We have to come to terms with the fact that sometimes there will be no feature-complete solution. This is particularly important when it comes to free and open source software, where someone conceivably could write in a missing feature. Note, I said a missing feature, not 'roll your own Excel'.

I found this answer to my question about monitoring my Internet connection to be extremely helpful, in fact, I'm using the solution as prescribed right now. The thought of seeing such a valuable contribution deleted just because it won't run native on Windows 7 makes me very nervous.

  • Or better yet, if it doesn't exist create it. – Braiam Mar 21 '14 at 19:14
12

An answer that meets our quality requirements while not completely satisfying the requirements stated in the question are still answers. I say this for a number of reasons:

  • Sometimes an asker may have been too specific, there may be simply be no software that fully meets their requirements, as stated in the question
  • After some period of time, the asker may decide that they're not fully in need of all of the requirements stated in their question
  • The recommendation that doesn't meet all of the requirements may in fact turn out to be a higher quality piece of software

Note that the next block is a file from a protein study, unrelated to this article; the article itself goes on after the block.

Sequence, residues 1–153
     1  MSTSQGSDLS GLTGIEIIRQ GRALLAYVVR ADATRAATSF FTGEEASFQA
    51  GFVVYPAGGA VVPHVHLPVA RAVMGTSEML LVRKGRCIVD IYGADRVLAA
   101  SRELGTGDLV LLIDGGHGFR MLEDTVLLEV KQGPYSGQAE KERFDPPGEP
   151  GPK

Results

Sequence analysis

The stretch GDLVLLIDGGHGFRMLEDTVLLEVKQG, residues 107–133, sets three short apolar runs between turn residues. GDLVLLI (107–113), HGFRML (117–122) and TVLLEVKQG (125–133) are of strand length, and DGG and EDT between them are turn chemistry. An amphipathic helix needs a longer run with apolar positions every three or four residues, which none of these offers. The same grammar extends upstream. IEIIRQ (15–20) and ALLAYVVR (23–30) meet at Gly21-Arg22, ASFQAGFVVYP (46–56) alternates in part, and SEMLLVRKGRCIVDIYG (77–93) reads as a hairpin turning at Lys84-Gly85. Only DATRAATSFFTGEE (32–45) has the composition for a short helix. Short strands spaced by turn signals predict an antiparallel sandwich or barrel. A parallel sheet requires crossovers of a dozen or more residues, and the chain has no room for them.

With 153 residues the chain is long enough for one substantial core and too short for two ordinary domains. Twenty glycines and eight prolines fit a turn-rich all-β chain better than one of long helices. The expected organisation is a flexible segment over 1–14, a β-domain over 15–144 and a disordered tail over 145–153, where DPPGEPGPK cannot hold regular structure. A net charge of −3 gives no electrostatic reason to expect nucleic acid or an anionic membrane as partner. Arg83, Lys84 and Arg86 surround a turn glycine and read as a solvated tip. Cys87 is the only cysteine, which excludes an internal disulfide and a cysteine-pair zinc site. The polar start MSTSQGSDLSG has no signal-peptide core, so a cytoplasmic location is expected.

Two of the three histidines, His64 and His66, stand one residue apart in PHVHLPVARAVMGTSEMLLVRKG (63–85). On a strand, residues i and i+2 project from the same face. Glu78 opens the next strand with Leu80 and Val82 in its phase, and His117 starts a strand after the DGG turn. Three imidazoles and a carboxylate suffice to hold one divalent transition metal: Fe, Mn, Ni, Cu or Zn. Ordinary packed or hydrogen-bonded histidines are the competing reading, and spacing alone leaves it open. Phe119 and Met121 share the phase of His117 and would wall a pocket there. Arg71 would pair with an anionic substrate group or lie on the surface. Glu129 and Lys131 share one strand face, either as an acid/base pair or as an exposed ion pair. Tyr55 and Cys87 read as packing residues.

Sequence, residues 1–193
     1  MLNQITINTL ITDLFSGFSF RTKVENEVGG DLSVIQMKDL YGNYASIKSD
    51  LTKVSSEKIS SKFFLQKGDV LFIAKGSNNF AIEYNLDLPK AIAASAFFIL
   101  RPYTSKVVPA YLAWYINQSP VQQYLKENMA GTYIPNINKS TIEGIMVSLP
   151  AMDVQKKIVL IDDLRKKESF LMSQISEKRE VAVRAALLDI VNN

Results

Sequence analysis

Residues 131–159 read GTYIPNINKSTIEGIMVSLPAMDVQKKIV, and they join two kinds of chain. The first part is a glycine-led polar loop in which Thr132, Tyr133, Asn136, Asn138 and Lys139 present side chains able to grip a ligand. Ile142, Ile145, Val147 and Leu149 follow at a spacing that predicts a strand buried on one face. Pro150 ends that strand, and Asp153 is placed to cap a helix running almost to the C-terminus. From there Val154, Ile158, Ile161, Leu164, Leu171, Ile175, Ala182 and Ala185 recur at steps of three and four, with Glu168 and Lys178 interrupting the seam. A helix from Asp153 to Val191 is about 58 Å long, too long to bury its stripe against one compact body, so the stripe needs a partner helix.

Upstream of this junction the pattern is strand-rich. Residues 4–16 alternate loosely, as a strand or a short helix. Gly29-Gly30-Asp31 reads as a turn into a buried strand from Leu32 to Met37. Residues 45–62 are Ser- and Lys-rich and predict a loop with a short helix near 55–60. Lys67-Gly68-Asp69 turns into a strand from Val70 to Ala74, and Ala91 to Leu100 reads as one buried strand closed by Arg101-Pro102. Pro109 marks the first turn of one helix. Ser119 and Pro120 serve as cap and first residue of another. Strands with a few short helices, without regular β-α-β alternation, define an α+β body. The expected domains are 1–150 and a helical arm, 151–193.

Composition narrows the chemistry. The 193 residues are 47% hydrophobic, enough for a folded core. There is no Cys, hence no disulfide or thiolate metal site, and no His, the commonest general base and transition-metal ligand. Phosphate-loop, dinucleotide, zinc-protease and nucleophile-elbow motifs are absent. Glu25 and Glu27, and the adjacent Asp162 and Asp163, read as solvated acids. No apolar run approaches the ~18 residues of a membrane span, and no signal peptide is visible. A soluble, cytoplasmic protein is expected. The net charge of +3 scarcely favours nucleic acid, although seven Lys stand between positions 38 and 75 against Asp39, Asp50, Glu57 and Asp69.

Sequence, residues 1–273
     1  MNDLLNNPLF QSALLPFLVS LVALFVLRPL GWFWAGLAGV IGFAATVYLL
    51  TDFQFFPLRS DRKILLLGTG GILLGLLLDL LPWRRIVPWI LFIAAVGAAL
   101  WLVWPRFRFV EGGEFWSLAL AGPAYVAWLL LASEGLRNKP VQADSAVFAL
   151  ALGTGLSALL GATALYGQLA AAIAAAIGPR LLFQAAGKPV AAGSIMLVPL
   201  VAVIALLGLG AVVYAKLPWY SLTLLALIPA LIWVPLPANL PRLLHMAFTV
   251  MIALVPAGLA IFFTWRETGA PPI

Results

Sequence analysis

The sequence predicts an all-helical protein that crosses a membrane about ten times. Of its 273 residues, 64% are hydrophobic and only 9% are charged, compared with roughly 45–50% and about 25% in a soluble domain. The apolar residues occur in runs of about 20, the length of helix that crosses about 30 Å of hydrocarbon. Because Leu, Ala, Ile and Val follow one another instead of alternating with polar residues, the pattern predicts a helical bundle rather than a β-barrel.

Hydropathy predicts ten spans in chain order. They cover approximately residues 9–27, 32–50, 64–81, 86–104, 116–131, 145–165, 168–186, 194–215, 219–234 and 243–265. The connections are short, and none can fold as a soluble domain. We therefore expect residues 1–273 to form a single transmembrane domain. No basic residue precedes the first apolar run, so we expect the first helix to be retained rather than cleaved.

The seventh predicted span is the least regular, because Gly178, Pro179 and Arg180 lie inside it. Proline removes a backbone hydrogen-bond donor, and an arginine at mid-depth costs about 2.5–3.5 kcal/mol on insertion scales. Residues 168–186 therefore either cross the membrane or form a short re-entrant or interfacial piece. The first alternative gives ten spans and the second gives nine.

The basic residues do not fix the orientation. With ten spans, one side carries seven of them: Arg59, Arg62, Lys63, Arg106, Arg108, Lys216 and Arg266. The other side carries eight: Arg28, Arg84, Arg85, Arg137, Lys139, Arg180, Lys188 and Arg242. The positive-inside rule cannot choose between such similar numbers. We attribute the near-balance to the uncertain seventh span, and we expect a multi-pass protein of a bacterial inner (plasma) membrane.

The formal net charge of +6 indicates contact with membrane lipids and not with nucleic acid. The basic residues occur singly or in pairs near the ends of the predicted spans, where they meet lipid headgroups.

• An answer that meets most of the requirements may still be useful for future visitors, even if the person who asked the question is missing some functionality that is key to their decision

The answer should be kept simply because the person who answered the question both made a valid recommendation and met our quality guidelines.

This, of course, is where down votes come in. An acceptable answer is still an acceptable answer even if it is down-voted. A down vote merely means that the answer wasn't useful for the person that chose to down vote it.

  • 2
    Downvotes alone are not going to suffice on this site to mitigate against generic answers that do not fully answer the exact question asked. If these answers are allowed to stand this will devolve into a popularity contest and marketing trolls will win. Answers that don't meet requirements should be treated as Not An Answer. – Caleb Feb 18 '14 at 9:56
  • 2